These days, in fact, she’s become somewhat of a fixture on the greater New York Jewish cultural circuit. When she’s not presenting films at Jewish and Israeli film festivals, she’s introducing and discussing Russian theatrical works for fans of the genre. And when she’s not on the podium, serving as panelist, presenter or moderator at cultural events, she’s making herself felt behind the scenes selecting works, recommending speakers and judging submissions.

In the past few months alone, she participated in a post-performance panel discussion on Israel’s Nalaga’at deaf-blind acting ensemble at the NYU Skirball Center for Performing Arts; she was part of a jury judging submissions for the Foundation for Jewish Culture’s documentary film fund; she served as an academic consultant for the second annual Russian-Israeli Film Festival; she wrote reviews of films shown at the Jerusalem International Film Festival for The Forward; and she presented Russian films at both the Museum of Jewish Heritage and the JCC of Manhattan.

The months ahead will be no less jam-packed, as Gershenson has just accepted invitations to present her upcoming book, along with clips of old Soviet-made films, at the 92nd Street Y in New York and the Memorial de la Shoah in Paris (not to mention her most recent presentation at Yad Vashem).

Born in the Ural Mountains, Gershenson says that despite her interest in Soviet culture and her personal roots, “I never felt very Russian.” At age 20, then, when the ban on Soviet immigration was lifted, she was among the first Russian Jews to make their way in Israel, coming even before her family and setting up base in Jerusalem, where she studied for a master’s degree in communications at the Hebrew University. After completing her doctorate at Amherst, she began publishing research on the representation of Russian immigrants in Israeli film as well as a book called “Gesher: Russian Theater in Israel” in 2005.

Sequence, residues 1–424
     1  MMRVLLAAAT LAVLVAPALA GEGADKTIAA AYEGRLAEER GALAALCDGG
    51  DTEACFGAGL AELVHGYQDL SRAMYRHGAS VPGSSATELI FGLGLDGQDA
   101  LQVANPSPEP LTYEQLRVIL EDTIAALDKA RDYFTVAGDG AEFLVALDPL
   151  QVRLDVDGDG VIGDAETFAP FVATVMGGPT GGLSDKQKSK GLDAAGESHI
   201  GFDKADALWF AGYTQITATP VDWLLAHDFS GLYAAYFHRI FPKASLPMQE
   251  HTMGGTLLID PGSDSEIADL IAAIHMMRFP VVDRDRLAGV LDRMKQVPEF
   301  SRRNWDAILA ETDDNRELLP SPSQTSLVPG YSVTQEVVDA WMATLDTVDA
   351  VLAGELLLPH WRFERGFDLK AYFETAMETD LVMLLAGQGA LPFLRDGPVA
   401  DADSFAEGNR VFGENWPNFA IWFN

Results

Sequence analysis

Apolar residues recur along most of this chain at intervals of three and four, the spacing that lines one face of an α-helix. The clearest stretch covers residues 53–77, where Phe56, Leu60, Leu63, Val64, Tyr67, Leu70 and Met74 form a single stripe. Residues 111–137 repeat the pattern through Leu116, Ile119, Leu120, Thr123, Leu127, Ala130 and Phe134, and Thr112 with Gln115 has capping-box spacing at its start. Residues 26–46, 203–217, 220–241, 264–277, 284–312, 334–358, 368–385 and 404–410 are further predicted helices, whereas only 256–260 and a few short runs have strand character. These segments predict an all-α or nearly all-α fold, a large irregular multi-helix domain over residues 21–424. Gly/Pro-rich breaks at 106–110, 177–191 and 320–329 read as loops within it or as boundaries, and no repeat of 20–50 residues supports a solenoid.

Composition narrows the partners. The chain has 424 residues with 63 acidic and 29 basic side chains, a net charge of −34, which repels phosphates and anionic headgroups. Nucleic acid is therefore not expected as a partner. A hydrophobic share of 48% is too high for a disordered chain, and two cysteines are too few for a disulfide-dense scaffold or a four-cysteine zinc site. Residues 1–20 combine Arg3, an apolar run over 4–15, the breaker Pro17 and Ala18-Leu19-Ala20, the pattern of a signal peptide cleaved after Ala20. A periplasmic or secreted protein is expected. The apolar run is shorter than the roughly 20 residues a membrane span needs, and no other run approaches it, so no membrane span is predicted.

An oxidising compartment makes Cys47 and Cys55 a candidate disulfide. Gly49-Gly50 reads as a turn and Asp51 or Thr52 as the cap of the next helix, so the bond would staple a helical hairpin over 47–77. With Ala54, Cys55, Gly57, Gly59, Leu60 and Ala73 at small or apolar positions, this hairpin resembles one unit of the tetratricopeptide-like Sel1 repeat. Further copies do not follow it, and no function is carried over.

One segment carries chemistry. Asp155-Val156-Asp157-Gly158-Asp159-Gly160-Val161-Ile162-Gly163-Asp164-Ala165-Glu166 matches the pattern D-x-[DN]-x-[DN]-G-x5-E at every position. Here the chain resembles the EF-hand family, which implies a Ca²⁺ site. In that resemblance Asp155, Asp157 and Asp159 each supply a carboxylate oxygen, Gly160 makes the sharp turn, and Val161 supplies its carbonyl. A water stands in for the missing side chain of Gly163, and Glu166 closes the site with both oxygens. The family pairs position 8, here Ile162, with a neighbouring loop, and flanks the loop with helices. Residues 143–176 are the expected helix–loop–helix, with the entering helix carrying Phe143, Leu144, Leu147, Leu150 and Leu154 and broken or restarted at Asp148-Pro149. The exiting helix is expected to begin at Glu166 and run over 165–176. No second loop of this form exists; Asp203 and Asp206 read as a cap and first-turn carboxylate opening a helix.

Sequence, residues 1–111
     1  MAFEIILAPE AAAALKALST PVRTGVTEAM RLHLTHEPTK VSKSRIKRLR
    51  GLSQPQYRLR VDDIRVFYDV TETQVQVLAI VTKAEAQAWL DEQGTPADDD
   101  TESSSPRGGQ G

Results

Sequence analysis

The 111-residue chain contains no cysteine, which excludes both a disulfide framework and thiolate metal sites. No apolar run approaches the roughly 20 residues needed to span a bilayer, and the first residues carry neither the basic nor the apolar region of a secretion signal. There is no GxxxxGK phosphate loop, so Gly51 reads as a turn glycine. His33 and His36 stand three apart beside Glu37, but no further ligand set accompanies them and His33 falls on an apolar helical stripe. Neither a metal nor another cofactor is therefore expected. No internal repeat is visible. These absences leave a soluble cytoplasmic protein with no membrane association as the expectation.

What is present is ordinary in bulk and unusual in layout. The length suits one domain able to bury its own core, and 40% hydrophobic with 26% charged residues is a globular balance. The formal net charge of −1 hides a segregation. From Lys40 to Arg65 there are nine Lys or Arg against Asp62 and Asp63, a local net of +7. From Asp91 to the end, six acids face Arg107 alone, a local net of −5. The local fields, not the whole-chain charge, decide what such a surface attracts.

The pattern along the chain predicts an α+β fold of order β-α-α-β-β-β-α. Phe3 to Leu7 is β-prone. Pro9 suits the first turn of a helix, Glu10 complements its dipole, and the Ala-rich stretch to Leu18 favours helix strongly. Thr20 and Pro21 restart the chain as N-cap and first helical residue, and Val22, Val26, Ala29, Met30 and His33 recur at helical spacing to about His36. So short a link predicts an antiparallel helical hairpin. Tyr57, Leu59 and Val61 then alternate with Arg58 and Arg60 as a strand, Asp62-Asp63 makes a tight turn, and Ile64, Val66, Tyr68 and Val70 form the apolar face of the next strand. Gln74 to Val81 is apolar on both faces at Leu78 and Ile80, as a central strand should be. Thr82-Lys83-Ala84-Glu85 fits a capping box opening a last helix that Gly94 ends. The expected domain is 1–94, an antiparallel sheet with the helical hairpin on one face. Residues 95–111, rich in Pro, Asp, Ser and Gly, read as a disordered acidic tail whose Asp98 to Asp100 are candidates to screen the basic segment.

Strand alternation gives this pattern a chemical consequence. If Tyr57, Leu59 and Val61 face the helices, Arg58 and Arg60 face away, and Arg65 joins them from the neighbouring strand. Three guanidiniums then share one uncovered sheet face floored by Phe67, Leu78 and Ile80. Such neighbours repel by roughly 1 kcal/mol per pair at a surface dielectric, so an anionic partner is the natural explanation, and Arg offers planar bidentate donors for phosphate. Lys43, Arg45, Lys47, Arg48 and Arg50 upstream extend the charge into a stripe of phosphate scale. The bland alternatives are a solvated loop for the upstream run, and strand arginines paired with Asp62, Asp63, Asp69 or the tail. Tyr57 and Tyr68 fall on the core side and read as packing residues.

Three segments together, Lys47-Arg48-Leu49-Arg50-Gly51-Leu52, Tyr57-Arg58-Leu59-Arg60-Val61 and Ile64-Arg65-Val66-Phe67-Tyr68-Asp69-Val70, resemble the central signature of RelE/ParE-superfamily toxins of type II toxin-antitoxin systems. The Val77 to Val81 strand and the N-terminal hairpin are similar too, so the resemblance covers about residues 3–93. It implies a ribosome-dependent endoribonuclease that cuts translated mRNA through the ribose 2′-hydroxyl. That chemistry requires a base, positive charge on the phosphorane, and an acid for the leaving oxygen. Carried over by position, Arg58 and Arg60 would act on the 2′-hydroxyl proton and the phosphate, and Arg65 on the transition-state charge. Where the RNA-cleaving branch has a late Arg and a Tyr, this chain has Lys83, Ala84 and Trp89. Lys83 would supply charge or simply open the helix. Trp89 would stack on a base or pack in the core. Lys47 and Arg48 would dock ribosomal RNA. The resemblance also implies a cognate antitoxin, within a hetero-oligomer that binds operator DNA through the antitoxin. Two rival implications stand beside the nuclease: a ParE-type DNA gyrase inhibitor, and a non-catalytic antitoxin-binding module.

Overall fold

Her next book, “Ladies and Gents: Public Toilets and Gender,” published in 2009, is not that dramatic a departure as one might think from her previous focuses, she insists. “I have always been interested in cultural underdogs, and the fact that the lines are always longer outside women’s public bathroom is proof that women are discriminated against. After all, it’s men who design the bathroom, and they don’t take into account women’s needs.”

Her latest passion, yet further proof of her tendency to identify with the underdog, is Palestinian culture.

In recent years, Gershenson has combined her travels to the former Soviet Union with stop-offs in the West Bank, Egypt and Jordan. “I teach Israeli culture, but you can’t understand Israeli culture if you don’t understand Palestinian culture,” she explains. As part of branching out in this direction, she’s learned Arabic, and true to her desire to make culture more accessible to the masses, she’s begun volunteering on behalf of the Freedom Theatre in Jenin, set up by the late Juliano Mer-Khamis, the Palestinian-Israeli actor and filmmaker, who was assassinated two years ago.

No longer satisfied with presenting and analyzing other people’s creative work, though, Gershenson’s next project is producing her own film. More specifically, she wants to make a film about Soviet-Holocaust movies. She’s encouraged, she says, by her recent experiences sharing her knowledge of the subject with diverse audiences. “Once I can convince people that such a genre did in fact exist,” she says, “they actually find the subject quite compelling.”

Olga Gershenson in Tel Aviv in February 2013.Credit: Moti Milrod